In the Classical Liberal Arts Academy, we study Pliny’s Natural History. In this course, we study the Roman philosopher’s classic work on nature, but in chapter 5 of the second book, he speaks of God, giving us a window into the religious ideas of wise men as the Church was beginning to preach the Gospel through the Roman empire. Let’s consider ten things that Romans of the first cenrtury thought about God.
1. God, in his essence, is not knowable.
“I consider it, therefore, an indication of human weakness to inquire into the figure and form of God.”
2. Polytheism is the result of human weakness.
“To believe that there are a number of gods…indicates still greater folly. Human nature, weak and frail as it is, mindful of its own infirmity, has made these divisions, so that every one might have recourse to that which he supposed himself to stand more particularly in need of.”
3. The way to immortality is by living virtuously.
“To assist man is to he a God; this is the path to eternal glory.”
4. God is not concerned with human affairs.
“It is ridiculous to suppose, that the great head of all things, whatever it be, pays any regard to human affairs.”
6. While atheism is evil, superstition is also to be avoided.
“We observe some who have no respect for the Gods, and others who carry it to a scandalous excess…[who] torment themselves with their superstitions to no purpose.”
7. Fortune is the only god worshipped by all men.
“All over the world, in all places, and at all times, Fortune is the only god whom every one invokes; she alone is spoken of, she alone is accused and is supposed to be guilty; she alone is in our thoughts, is praised and blamed, and is loaded with reproaches.”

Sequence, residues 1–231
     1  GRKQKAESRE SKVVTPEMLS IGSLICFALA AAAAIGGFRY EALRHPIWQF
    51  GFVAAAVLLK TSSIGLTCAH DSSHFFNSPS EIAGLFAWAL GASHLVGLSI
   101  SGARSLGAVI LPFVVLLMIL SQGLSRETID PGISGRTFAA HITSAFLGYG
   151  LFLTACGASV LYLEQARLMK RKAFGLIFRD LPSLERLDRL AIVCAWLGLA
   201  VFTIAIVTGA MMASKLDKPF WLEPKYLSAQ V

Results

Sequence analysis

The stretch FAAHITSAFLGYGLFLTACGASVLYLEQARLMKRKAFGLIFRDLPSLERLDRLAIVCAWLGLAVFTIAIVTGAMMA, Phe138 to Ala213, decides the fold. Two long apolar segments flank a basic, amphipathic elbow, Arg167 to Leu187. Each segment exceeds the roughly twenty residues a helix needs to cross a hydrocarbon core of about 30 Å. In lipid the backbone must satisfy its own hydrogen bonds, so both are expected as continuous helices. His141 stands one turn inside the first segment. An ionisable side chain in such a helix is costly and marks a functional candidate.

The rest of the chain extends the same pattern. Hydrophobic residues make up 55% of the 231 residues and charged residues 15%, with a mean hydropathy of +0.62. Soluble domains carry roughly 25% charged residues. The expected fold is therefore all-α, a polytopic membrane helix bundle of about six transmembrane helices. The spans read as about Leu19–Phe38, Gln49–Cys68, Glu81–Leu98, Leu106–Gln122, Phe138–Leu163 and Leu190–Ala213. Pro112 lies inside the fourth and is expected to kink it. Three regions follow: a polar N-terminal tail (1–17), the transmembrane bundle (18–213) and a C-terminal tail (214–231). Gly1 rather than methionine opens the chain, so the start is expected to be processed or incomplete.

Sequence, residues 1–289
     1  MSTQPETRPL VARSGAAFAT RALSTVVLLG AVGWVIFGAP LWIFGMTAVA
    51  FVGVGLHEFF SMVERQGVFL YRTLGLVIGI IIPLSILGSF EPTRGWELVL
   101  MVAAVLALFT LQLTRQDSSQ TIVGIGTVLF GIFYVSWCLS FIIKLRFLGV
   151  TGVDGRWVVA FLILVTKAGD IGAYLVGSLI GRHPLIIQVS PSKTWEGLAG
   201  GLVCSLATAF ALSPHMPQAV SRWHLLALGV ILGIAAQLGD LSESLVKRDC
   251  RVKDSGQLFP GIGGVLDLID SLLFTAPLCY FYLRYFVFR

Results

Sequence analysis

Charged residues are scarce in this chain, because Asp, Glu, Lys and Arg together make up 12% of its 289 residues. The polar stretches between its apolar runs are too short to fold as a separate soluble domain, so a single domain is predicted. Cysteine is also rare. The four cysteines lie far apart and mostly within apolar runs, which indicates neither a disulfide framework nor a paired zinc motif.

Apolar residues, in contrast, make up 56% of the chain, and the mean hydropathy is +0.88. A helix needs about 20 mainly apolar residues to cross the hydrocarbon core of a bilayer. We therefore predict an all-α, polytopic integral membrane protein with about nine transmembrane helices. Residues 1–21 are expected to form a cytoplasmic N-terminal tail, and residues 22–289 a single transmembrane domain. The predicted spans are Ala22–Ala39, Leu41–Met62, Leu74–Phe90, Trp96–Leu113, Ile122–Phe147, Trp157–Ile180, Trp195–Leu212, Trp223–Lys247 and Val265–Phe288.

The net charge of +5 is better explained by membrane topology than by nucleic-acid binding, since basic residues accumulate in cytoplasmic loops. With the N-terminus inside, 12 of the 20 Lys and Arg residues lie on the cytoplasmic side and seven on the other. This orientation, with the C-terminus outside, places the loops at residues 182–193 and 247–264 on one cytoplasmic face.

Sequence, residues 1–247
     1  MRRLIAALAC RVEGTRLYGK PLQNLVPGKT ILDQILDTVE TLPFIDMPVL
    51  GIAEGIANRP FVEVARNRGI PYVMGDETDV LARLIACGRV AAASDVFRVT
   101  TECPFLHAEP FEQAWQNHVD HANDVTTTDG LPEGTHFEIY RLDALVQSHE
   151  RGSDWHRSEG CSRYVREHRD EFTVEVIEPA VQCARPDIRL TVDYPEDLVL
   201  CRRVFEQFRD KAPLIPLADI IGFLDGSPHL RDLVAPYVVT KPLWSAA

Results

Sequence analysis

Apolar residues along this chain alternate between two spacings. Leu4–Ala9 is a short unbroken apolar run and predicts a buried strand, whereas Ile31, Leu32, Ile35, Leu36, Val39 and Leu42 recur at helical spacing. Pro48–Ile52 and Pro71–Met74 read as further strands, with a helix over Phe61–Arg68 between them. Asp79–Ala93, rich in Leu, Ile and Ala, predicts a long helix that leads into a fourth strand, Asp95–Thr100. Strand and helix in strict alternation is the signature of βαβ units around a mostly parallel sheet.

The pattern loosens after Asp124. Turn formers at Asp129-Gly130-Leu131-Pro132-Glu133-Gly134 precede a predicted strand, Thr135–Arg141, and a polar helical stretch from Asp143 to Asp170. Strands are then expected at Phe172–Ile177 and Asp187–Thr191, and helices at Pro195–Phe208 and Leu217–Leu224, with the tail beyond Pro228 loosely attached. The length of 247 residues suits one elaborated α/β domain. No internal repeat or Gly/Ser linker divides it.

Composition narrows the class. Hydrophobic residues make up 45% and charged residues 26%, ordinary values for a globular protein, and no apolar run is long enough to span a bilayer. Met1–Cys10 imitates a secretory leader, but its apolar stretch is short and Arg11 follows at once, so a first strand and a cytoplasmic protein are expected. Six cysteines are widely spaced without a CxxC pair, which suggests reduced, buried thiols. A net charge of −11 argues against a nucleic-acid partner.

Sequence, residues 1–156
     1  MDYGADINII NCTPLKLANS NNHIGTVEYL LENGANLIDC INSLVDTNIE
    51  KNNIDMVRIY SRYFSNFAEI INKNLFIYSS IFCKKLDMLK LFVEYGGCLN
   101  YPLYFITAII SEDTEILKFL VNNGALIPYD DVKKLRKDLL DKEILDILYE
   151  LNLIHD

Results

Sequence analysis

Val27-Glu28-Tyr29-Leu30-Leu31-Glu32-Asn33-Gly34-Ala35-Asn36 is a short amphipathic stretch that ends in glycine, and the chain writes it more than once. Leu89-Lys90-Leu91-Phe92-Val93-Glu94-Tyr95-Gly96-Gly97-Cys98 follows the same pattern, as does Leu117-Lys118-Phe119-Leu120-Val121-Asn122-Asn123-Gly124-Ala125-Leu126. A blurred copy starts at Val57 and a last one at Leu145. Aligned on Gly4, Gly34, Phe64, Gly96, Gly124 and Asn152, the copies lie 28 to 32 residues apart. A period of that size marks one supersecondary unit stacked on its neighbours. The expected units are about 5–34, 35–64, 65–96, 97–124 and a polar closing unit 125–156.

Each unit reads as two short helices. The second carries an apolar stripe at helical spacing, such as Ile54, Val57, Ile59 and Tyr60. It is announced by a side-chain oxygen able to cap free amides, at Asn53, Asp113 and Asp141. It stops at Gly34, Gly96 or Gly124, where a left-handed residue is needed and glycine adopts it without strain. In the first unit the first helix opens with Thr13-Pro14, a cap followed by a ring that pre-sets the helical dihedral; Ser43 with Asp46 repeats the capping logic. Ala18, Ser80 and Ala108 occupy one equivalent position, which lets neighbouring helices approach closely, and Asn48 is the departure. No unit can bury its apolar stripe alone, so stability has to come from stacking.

8. Man’s condition is wretched, and death is his chief good.
“This alone is certain, that there is nothing certain, and that there is nothing more proud or more wretched than man. So numerous are the evils of life, death has been granted to man as our chief good.”
9. God has no solution for man’s mortality.
“The Deity cannot do everything. He cannot procure death for himself. Nor can he make mortals immortal, or recall to life those who are dead.”
10. God and the power of Nature are one.
“The power of Nature is shown to be what we call God.”
The religious beliefs seen in Pliny’s Natural History reveal a 1st century mind prepered for the Gospel. The vanity of human superstition and inability for man to know God reveal man’s need for divine revelation. This divine revelation was soon to come in ancient Rome, and these “Christians” were arriving in Pliny’s territory, and the Romans knew that there was something different about them. Even when threatened with execution, Pliny wrote that it was known that:
“None of those who are really Christians can be forced to worship the image of the emperor or the statues of the gods, or to curse Christ.”
Find this study interesting? Join us in studying Pliny’s Natural History and many more ancient works in the Classical Liberal Arts Academy.
William C. Michael, Headmaster
Classical Liberal Arts Academy